Your check is considered a third-party check if the payer wrote it to someone else who subsequently transferred it to you. These checks are not as easy to cash as regular checks, because they are susceptible to fraud. Be prepared to show identification and prove that you obtained the check legally before you can cash it.
Third-Party Check Issues
Many banks are reluctant to cash third-party checks because they cannot immediately verify that the original original payee intended for you to have it, or confirm that the payer will not dispute it. If a payee endorses a check and then misplaces it, it's easy for anyone who finds it to endorse to themselves as a third party and attempt to cash it. The bank would be liable for the money if the payee or payer disputes it. You might have a better chance of cashing the check with the issuing bank. Call and verify the bank's policies about such checks before your visit.
Cashing the Check
Take the check to a branch of the bank on which the check is drawn. Arrive with the person who is signing the check over to you. The payee must sign the back of the check above the endorsement line and write "Pay to the order of" and your name underneath. Sign under this line. Both parties must present a legal form of picture identification, such as a driver's license or state identification card. The teller will provide the cash after verifying signatures and identification. Some banks charge a fee for cashing checks if you don't have an account, but provide the service free for members. You could open an account with the money if you want to avoid the fee.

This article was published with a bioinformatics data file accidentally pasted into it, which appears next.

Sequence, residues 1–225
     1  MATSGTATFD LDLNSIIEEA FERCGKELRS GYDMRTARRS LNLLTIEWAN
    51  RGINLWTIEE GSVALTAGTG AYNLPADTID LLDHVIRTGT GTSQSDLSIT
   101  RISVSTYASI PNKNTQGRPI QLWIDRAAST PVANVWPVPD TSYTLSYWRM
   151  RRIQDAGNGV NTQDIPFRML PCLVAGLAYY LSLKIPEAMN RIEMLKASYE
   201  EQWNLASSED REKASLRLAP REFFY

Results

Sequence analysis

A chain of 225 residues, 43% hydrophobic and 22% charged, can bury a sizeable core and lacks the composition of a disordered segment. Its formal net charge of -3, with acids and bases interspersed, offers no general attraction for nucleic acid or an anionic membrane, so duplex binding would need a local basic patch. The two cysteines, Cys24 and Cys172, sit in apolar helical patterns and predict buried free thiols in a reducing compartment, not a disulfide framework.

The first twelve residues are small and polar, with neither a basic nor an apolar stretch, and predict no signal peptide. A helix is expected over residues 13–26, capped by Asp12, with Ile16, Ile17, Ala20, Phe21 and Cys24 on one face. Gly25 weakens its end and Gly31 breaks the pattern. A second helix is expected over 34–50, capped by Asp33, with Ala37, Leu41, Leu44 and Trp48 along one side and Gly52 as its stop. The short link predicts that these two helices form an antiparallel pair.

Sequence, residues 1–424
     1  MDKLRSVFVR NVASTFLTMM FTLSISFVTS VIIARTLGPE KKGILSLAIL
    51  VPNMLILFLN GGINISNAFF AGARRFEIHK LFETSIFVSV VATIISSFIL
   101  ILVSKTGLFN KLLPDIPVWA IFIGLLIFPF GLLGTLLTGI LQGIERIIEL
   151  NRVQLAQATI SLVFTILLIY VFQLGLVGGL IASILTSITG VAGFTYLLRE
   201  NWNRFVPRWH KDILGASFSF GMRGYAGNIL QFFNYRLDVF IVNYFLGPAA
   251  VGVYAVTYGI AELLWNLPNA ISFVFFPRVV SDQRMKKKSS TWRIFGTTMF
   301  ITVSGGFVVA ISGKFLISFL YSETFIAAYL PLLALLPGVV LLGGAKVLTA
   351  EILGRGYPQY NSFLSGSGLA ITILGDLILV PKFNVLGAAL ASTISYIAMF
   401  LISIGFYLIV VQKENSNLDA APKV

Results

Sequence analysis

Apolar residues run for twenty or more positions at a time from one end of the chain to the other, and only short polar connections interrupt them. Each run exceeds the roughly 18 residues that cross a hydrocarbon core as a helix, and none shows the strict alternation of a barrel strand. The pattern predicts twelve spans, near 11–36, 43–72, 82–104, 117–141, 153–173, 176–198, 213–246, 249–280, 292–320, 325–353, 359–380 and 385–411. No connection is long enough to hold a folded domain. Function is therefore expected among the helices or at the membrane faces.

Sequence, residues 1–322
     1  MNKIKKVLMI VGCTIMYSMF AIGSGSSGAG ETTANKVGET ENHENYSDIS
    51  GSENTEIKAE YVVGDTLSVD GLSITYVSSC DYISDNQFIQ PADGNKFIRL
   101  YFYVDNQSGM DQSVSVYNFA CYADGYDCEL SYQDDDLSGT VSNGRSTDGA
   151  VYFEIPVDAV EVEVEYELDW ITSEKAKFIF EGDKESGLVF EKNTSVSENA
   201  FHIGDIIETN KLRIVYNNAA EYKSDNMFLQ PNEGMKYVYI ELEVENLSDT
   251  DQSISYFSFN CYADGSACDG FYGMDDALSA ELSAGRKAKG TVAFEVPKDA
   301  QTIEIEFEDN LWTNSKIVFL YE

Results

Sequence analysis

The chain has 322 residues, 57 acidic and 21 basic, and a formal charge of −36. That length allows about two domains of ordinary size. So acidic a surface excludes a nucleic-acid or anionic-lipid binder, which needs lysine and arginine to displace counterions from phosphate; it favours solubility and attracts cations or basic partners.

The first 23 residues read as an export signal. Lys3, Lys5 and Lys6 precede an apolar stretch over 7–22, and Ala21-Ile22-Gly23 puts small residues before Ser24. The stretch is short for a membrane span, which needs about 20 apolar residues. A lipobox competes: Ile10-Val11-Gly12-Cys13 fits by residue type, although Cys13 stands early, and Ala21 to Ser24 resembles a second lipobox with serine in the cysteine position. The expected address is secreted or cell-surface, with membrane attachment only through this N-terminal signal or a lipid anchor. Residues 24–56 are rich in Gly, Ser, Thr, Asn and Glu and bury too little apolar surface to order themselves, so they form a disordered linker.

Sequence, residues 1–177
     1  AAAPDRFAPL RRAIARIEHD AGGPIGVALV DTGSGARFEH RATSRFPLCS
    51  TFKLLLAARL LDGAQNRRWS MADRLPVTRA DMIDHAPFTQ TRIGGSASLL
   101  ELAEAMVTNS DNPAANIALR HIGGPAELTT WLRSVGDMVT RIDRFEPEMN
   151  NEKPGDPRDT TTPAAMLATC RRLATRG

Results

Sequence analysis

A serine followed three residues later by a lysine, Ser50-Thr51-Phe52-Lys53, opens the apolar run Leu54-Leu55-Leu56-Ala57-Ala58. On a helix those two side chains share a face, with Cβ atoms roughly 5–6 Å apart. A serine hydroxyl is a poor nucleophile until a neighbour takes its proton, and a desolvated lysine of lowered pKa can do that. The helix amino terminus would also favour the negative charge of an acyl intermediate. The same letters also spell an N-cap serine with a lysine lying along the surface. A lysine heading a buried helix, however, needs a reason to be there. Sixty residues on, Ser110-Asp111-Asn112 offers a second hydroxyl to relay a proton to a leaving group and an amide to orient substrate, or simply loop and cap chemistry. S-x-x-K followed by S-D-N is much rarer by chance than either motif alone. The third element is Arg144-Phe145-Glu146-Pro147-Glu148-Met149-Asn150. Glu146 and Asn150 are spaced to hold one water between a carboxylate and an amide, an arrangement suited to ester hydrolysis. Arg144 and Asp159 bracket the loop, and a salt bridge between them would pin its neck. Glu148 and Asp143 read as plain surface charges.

Depositing the Check
Your bank may be willing to accept the check for deposit, depending on its policies on third-party checks. Some banks that accept such checks allow customers to deposit via ATM but most do not. Instead, prepare a deposit slip and take the check to a teller. Sign it and present your identification. In many cases, depositing a third party check places a mandatory hold on all but $100 -- which is available the next day according to federal banking regulations -- for up to nine days. If the payer or payee disputes it within this time, your bank will take the money out of your account.
Check Cashing Service Provider
Some check-cashing businesses accept third-party checks. Of these businesses, some only cash personal checks, rather than government or commercial. The providers also charge a fee for the service, which varies by business and the size of the check. Present the check along with the payee. Sign it in front of the representative and show your identification in order to get the funds.